[RFC2784]) to construct an overlay network of devices (ALT Routers) [RFC4760], and the Generic Routing Encapsulation (GRE, [RFC2784]) to
which operate on EID-prefixes and use EIDs as forwarding construct an overlay network of devices (ALT Routers) which operate
destinations. on EID-prefixes and use EIDs as forwarding destinations.
ALT Routers advertise hierarchically-delegated segments of the EID ALT Routers advertise hierarchically-delegated segments of the EID
namespace (i.e., prefixes) toward the rest of the ALT; they also namespace (i.e., prefixes) toward the rest of the ALT; they also
forward traffic destined for an EID covered by one of those prefixes forward traffic destined for an EID covered by one of those prefixes
toward the network element that is authoritative for that EID and is toward the network element that is authoritative for that EID and is
the origin of the BGP advertisement for that EID-prefix. An Ingress the origin of the BGP advertisement for that EID-prefix. An Ingress
Tunnel Router (ITR) uses this overlay to send a LISP Map-Request (see Tunnel Router (ITR) uses this overlay to send a LISP Map-Request
[LISP]) to the Egress Tunnel Router (ETR) that holds the EID-to-RLOC (defined in [LISP]) to the Egress Tunnel Router (ETR) that holds the
mapping for a matching EID-prefix. In most cases, an ITR does not EID-to-RLOC mapping for a matching EID-prefix. In most cases, an ITR
connect directly to the overlay network but instead sends Map- does not connect directly to the overlay network but instead sends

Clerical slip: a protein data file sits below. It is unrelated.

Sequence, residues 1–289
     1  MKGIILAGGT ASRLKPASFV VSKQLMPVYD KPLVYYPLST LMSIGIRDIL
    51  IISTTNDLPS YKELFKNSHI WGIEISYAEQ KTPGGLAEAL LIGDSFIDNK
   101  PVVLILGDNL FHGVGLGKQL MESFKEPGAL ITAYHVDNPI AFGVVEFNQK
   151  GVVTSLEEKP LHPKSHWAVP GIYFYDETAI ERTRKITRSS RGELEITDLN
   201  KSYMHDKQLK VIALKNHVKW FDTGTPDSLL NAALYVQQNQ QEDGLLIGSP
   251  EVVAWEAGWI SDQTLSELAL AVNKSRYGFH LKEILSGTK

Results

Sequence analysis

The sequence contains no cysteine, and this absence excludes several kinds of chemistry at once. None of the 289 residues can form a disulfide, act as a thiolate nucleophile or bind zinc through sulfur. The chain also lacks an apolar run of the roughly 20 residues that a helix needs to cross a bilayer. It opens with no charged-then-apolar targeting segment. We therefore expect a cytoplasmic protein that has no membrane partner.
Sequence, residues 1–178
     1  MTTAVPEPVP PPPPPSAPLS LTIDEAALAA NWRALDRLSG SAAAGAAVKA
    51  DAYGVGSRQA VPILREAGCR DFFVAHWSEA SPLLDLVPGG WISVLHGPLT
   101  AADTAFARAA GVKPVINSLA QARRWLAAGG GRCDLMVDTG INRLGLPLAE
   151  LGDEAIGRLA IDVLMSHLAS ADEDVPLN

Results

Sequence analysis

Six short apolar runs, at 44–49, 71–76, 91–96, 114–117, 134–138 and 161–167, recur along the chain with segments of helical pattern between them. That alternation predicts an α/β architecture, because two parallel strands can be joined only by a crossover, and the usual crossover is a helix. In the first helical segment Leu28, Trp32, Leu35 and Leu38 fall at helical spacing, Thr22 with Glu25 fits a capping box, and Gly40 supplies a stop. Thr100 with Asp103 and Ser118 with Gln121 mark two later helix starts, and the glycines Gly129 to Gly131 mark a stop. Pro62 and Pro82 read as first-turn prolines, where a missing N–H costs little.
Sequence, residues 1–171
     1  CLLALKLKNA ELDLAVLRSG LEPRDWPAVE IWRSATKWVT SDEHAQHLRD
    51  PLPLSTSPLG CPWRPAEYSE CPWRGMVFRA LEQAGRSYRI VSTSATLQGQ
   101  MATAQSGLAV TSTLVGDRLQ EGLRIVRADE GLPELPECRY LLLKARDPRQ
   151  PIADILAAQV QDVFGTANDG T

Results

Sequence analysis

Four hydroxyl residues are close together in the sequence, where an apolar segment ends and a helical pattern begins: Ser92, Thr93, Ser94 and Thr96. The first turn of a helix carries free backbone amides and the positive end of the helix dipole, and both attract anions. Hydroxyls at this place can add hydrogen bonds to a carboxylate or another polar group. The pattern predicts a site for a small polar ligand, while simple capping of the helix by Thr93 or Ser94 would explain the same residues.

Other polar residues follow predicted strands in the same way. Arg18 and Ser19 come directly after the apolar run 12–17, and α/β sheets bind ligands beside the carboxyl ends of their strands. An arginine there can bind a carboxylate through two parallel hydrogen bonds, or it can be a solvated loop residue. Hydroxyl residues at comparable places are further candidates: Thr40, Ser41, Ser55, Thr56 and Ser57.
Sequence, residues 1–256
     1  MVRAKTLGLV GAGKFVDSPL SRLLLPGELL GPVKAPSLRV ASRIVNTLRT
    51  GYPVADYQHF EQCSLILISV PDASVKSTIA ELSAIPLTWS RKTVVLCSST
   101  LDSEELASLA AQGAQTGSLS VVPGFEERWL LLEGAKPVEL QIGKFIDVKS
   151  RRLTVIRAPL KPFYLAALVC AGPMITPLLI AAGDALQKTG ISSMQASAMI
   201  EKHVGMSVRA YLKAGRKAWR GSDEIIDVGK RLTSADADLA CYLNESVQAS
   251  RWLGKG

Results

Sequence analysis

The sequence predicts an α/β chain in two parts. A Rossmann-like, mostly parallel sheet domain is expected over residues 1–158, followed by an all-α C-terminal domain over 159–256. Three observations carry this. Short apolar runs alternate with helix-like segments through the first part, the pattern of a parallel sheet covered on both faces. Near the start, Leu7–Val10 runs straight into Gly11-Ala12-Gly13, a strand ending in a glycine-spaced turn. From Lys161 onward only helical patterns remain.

Requests via a Map-Resolver (MR; see [LISP-MS]) which does. Map-Requests via a Map-Resolver (described in [LISP-MS]) which does.
Likewise, in most cases, an ETR does not connect directly to the Likewise, in most cases, an ETR does not connect directly to the
overlay network but instead registers its EID-prefixes with a Map- overlay network but instead registers its EID-prefixes with a Map-
Server that advertises those EID-prefixes on to the ALT and forwards Server that advertises those EID-prefixes on to the ALT and forwards
Map-Requests for them to the ETR. Map-Requests for them to the ETR.
It is important to note that the ALT does not distribute actual EID- It is important to note that the ALT does not distribute actual EID-
to-RLOC mappings. What it does provide is a forwarding path from an to-RLOC mappings. What it does provide is a forwarding path from an
ITR (or MR) which requires an EID-to-RLOC mapping to an ETR which ITR (or MR) which requires an EID-to-RLOC mapping to an ETR which
holds that mapping. The ITR/MR uses this path to send an ALT holds that mapping. The ITR/MR uses this path to send an ALT
Datagram (see Section 3) to an ETR which then responds with a Map- Datagram (see Section 3) to an ETR which then responds with a Map-
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and GRE); little, if any, LISP-specific modifications should be and GRE); little, if any, LISP-specific modifications should be
needed for such devices to be deployed on the ALT. Note, though, needed for such devices to be deployed on the ALT. Note, though,
that organizational and operational considerations suggest that ALT that organizational and operational considerations suggest that ALT
Routers be both logically and physically separate from the "native" Routers be both logically and physically separate from the "native"
Internet packet transport system; deploying this overlay on those Internet packet transport system; deploying this overlay on those
routers which are already participating in the global routing system routers which are already participating in the global routing system
and actively forwarding Internet traffic is not recommended. and actively forwarding Internet traffic is not recommended.
The remainder of this document is organized as follows: Section 2 The remainder of this document is organized as follows: Section 2
provides the definitions of terms used in this document. Section 3 provides the definitions of terms used in this document. Section 3
outlines the basic LISP 1.5 model. Section 4 provides a basic outlines the LISP ALT model, where EID prefixes are routed across an
overview of the LISP Alternate Topology architecture, and Section 5 overlay network. Section 4 provides a basic overview of the LISP